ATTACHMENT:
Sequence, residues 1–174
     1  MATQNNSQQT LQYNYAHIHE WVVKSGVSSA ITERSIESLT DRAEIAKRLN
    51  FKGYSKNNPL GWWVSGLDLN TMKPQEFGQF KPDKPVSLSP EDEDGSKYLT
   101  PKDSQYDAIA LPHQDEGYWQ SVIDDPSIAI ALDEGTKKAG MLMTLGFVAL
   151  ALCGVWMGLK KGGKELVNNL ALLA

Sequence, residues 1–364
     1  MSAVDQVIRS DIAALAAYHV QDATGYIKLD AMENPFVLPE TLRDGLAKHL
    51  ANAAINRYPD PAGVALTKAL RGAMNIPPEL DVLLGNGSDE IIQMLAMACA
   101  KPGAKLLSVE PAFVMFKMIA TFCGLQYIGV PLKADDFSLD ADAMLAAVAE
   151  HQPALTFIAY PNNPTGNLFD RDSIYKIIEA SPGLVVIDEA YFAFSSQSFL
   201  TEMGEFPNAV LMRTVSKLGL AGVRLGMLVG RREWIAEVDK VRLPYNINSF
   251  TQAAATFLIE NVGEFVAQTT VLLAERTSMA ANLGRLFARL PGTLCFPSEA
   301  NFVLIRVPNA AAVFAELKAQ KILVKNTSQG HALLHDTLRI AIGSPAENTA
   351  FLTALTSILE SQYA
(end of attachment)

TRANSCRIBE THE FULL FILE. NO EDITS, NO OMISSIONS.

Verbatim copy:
Sequence, residues 1–174
     1  MATQNNSQQT LQYNYAHIHE WVVKSGVSSA ITERSIESLT DRAEIAKRLN
    51  FKGYSKNNPL GWWVSGLDLN TMKPQEFGQF KPDKPVSLSP EDEDGSKYLT
   101  PKDSQYDAIA LPHQDEGYWQ SVIDDPSIAI ALDEGTKKAG MLMTLGFVAL
   151  ALCGVWMGLK KGGKELVNNL ALLA

Sequence, residues 1–364
     1  MSAVDQVIRS DIAALAAYHV QDATGYIKLD AMENPFVLPE TLRDGLAKHL
    51  ANAAINRYPD PAGVALTKAL RGAMNIPPEL DVLLGNGSDE IIQMLAMACA
   101  KPGAKLLSVE PAFVMFKMIA TFCGLQYIGV PLKADDFSLD ADAMLAAVAE
   151  HQPALTFIAY PNNPTGNLFD RDSIYKIIEA SPGLVVIDEA YFAFSSQSFL
   201  TEMGEFPNAV LMRTVSKLGL AGVRLGMLVG RREWIAEVDK VRLPYNINSF
   251  TQAAATFLIE NVGEFVAQTT VLLAERTSMA ANLGRLFARL PGTLCFPSEA
   301  NFVLIRVPNA AAVFAELKAQ KILVKNTSQG HALLHDTLRI AIGSPAENTA
   351  FLTALTSILE SQYA